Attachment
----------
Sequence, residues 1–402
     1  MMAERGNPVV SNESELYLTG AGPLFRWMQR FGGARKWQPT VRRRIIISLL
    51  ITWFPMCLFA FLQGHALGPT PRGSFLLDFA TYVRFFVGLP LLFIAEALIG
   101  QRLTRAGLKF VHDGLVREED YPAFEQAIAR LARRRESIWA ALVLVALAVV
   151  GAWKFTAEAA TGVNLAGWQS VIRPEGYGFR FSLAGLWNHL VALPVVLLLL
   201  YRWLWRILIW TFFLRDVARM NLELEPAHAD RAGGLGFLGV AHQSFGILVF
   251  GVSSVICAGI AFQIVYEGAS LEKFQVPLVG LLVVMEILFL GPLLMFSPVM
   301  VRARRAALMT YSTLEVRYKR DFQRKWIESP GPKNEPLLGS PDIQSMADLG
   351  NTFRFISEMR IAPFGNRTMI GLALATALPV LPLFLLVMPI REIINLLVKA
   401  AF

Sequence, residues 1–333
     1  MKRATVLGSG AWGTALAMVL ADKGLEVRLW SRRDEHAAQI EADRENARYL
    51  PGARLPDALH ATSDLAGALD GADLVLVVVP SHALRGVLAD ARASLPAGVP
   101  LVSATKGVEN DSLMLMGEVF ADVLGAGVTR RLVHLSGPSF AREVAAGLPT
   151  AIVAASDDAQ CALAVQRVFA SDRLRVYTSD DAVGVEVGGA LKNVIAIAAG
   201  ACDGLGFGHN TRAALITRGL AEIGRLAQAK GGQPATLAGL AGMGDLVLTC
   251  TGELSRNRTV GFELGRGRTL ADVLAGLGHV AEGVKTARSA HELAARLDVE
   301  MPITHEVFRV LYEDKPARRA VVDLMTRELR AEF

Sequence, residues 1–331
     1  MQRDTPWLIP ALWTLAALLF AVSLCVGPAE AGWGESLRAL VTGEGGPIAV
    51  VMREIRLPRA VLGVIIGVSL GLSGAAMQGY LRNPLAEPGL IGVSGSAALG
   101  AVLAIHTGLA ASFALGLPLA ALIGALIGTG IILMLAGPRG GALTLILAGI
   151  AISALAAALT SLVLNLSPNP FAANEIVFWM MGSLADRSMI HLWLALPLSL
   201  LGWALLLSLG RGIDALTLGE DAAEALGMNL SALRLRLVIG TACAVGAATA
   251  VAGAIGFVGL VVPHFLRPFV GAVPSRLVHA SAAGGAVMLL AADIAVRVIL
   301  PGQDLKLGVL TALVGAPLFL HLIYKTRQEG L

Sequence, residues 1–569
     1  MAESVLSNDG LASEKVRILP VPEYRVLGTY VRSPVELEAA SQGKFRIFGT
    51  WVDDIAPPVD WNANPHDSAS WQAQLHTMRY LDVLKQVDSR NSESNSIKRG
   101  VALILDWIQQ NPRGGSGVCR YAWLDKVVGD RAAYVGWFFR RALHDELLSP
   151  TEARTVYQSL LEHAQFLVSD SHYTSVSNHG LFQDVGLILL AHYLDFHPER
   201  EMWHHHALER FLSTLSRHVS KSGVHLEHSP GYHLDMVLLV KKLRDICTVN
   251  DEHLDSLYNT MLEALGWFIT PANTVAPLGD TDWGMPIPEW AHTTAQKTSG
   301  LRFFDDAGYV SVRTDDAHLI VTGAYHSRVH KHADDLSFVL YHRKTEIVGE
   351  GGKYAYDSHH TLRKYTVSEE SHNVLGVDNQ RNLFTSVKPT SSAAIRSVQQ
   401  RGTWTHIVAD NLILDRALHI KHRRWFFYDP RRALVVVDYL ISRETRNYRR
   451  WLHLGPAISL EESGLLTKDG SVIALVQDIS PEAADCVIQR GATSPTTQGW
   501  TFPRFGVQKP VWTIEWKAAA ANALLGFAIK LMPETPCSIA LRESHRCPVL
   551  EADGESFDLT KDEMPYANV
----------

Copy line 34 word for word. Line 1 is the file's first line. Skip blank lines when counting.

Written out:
   301  LRFFDDAGYV SVRTDDAHLI VTGAYHSRVH KHADDLSFVL YHRKTEIVGE